Aside from that, we recently used PovRay (about two weeks ago) where I work to generate some architecture-stack images. While it was fine at generating static pictures for powerpoint, I wouldn't have tried to do a flythrough.


Well, as I said, use the animation stuff and stagger your frames. You should be able to make pretty good use of however many processors you have.

Java Game Console Project
Last Journal Entry: 12/17/04
Offline rreyelts

Junior Member




There is nothing Nu under the sun


« Reply #14 - Posted 2003-05-16 17:58:04 »

It Looks like OpenGL to me. Do you know something I don't?

I meant that Milkshape3D uses OpenGL rendering all of the time - as opposed to Moray which uses PovRay to render "finished" images.

PovRay is an excellent choice for sprite rendering?

Yes, static sprite-rendering fits well within the domain of PovRay.

In fact, it's most likely impossible in PovRay due to the nature of the renderer.

I wouldn't say impossible - I'd just say that PovRay wouldn't be just a raytracer anymore.

why would you want to?

If you're not using a separate modeler, it gives you the same benefit as running with wireframes does in a normal modeler.

God bless,
-Toby Reyelts

About me: http://jroller.com/page/rreyelts
Jace - Easier JNI: http://jace.reyelts.com/jace
Retroweaver - Compile on JDK1.5, and deploy on 1.4: http://retroweaver.sf.net.
Offline Orangy Tang

JGO Kernel


Medals: 56
Projects: 11


Monkey for a head


« Reply #15 - Posted 2003-05-16 18:13:43 »

Quote
The Blender3D modeler for example, is 100% OpenGL right down to the GUI widgets.


As a side point, the Blender UI is horrible. While its an impressive achievment, many of the widgets are totally inconsistant, not only within Blender itself, but when compared with standard behaviour found on windows, linux, unix etc. It makes it totally alien to new users, but unfortunatly it seems that the majority of the community gets horribly elitist when anyone mentions changing anything..

[ TriangularPixels.com - Play Growth Spurt, Rescue Squad and Snowman Village ] [ Rebirth - game resource library ]
Offline Breakfast

Senior Member




for great justice!


« Reply #16 - Posted 2003-05-16 18:30:42 »

I just could not get to grips with Blender - I also found it very annoying that there was no simple way that I could understand to persuade it to output data to a different file format. From what I could tell you have to pretty much go into the python editor and load up a bunch of code to output your file as you wanted. Not understanding python or blender well enough for it to be useful, I downloaded Milkshape, then bought a licence  and haven't looked back.

While I'm thinking about it, though, have any other regular Milkshape users got any particular sites or tutorials they use or have used and found good? I'm getting on fine with it, but it is good to see what other people have found useful.
Offline William

Junior Member




No Exit


« Reply #17 - Posted 2003-05-16 21:34:40 »

I have been using Maya for my Java3D project, but that has really only been possible because it is an academic project at a college that has Maya licensed. I am not really a modeller but got a one-week Maya course as part of my interactive media specialization of my computer science degree.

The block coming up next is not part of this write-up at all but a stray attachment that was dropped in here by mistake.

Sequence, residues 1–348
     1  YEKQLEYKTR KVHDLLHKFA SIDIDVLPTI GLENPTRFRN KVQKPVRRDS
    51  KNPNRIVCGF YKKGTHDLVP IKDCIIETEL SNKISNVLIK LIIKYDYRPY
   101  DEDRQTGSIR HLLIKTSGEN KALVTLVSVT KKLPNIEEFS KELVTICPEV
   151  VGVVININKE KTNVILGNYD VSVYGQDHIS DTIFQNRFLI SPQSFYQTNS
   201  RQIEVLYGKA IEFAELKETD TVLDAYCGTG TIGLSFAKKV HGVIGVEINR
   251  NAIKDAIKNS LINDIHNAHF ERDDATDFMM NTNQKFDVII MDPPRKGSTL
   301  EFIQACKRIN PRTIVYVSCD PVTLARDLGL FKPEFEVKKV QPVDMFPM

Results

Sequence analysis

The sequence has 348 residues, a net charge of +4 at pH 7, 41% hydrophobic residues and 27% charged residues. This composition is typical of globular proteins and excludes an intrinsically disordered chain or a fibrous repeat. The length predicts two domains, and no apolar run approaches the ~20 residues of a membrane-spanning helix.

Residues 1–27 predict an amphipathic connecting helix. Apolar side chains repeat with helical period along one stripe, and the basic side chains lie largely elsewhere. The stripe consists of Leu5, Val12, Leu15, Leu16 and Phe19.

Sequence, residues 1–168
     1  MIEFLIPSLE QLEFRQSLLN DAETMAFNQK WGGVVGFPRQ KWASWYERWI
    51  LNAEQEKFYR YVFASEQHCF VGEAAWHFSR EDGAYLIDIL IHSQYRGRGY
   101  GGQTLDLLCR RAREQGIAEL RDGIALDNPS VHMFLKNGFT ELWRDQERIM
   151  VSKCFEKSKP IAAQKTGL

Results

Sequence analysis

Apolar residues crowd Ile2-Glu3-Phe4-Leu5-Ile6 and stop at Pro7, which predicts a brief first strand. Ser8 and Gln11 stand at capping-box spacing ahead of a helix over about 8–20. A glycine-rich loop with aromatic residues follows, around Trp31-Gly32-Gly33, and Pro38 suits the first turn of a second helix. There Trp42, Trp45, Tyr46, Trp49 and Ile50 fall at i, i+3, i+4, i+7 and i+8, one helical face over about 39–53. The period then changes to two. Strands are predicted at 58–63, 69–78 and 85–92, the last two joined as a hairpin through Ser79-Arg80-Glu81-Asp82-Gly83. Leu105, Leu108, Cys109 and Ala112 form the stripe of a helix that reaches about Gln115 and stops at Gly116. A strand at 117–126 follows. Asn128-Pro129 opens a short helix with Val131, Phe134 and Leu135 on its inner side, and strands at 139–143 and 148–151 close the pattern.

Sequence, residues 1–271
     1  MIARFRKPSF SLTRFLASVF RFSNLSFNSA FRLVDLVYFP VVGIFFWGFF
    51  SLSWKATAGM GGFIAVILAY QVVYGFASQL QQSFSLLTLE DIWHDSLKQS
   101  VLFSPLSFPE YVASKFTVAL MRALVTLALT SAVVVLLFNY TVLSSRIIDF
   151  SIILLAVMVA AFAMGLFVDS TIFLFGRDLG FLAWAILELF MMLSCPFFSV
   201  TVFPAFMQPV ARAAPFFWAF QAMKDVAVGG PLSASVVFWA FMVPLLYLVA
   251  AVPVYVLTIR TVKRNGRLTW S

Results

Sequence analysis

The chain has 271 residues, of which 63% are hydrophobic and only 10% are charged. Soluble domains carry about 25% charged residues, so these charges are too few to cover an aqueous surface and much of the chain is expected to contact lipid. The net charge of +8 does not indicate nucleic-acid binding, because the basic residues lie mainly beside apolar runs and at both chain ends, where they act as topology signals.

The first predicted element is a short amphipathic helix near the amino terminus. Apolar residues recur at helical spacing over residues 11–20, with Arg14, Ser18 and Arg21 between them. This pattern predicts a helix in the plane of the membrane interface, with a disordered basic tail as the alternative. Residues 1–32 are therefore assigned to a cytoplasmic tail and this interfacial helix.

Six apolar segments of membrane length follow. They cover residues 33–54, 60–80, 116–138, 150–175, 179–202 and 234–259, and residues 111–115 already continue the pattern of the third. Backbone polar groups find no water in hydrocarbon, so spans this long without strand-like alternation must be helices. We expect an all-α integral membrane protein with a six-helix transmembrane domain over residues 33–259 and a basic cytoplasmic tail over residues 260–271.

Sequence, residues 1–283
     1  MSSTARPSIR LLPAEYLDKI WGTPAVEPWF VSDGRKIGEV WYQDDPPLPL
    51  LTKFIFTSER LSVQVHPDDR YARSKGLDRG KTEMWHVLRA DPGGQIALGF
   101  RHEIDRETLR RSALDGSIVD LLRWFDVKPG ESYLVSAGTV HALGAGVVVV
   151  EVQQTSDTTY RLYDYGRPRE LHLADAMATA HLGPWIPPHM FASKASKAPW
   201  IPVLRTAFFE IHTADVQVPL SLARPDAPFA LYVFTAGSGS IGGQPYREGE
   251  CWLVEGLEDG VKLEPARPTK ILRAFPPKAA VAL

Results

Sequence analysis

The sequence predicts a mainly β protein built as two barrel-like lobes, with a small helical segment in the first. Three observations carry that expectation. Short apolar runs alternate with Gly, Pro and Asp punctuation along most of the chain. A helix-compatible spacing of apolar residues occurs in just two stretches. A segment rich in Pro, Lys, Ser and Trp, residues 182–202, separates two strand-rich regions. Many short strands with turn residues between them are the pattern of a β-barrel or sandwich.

I briefly installed Blender but couldn't stomach the GUI and threw it out. I am sure that buying Maya gets cheaper in a professional environment than having the artists waste time to learn Blender. As others have pointed out, Blender does not seem to follow even the most basic Windows GUI conventions and I was apparently wrong to think that it followed the conventions of some other popular OS, like Linux.
Offline GergisKhan

Junior Member




"C8 H10 N4 O2"


« Reply #18 - Posted 2003-05-17 14:13:41 »

My artists use Poser, Painter and Fireworks to create pretty much all the game art.  Thinking about heading the direction of Maya in a year or so.... if things take off.

Painter is a REALLY cool program.  And Fireworks is used just for packaging, cleanup, etc.  Poser is self-explanatory.

gK

"Go.  Teach them not to mess with us."
          -- Cao Cao, Dynasty Warriors 3
Offline bmyers

Junior Member





« Reply #19 - Posted 2003-05-19 15:07:40 »

We're using 3DMax and Poser for our unit models, and Bryce for generating pre-rendered terrain.  Plus Photoshop, Gimp. Debabelizer, etc. for touching up 2D textures.

I have tried Blender, and found the UI very confusing and hard-to-learn, compared to some of the commercial products.  Not that 3DMax is that straightforward, either!  But at least there's lots of tutorials, training videos, etc, and lots of people who already know it.

If I had to start from scratch and had no money I'd take a closer look at Milkshape and some of the other opensource or shareware tools.

Offline Tzan

Junior Member





« Reply #20 - Posted 2003-05-19 15:35:00 »

Quote
I'm actually just in the process of writing a tool to take MD2 models and convert them into sprites (isometric or overhead).

I'm using Java 3D to do this, so in theory it should support creating sprites from any of the user supported formats (read: Milkshape, 3DS, NWN, MD3, MD2, AC3D)

Good/Bad idea?


I think its a great idea, I thought of the same thing last year Smiley but I dont do J3D.

------------------------------

3D
Lightwave 3D since 1995, version 4. I currently use 6.5 which finally has UV mapping
Its not used a lot in games, but Asherons Call 1 was done with LW, I think they have switched to Maya a few years ago.

Max, just a little.
Truespace, just a little.